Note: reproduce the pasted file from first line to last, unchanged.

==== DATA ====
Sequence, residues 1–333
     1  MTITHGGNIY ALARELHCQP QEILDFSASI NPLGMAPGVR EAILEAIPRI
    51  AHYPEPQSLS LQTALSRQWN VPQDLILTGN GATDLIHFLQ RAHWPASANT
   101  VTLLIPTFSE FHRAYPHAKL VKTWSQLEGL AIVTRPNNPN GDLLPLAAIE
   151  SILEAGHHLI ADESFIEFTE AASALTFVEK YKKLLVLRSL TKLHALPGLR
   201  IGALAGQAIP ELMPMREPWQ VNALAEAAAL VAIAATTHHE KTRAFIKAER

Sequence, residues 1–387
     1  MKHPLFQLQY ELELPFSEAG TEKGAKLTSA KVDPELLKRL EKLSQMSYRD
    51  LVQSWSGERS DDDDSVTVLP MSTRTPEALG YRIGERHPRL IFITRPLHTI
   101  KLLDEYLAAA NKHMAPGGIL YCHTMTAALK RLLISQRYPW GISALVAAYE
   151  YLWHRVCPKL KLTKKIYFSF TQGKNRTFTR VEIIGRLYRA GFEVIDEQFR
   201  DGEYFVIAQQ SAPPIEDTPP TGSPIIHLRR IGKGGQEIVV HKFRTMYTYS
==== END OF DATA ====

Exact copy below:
Sequence, residues 1–333
     1  MTITHGGNIY ALARELHCQP QEILDFSASI NPLGMAPGVR EAILEAIPRI
    51  AHYPEPQSLS LQTALSRQWN VPQDLILTGN GATDLIHFLQ RAHWPASANT
   101  VTLLIPTFSE FHRAYPHAKL VKTWSQLEGL AIVTRPNNPN GDLLPLAAIE
   151  SILEAGHHLI ADESFIEFTE AASALTFVEK YKKLLVLRSL TKLHALPGLR
   201  IGALAGQAIP ELMPMREPWQ VNALAEAAAL VAIAATTHHE KTRAFIKAER

Sequence, residues 1–387
     1  MKHPLFQLQY ELELPFSEAG TEKGAKLTSA KVDPELLKRL EKLSQMSYRD
    51  LVQSWSGERS DDDDSVTVLP MSTRTPEALG YRIGERHPRL IFITRPLHTI
   101  KLLDEYLAAA NKHMAPGGIL YCHTMTAALK RLLISQRYPW GISALVAAYE
   151  YLWHRVCPKL KLTKKIYFSF TQGKNRTFTR VEIIGRLYRA GFEVIDEQFR
   201  DGEYFVIAQQ SAPPIEDTPP TGSPIIHLRR IGKGGQEIVV HKFRTMYTYS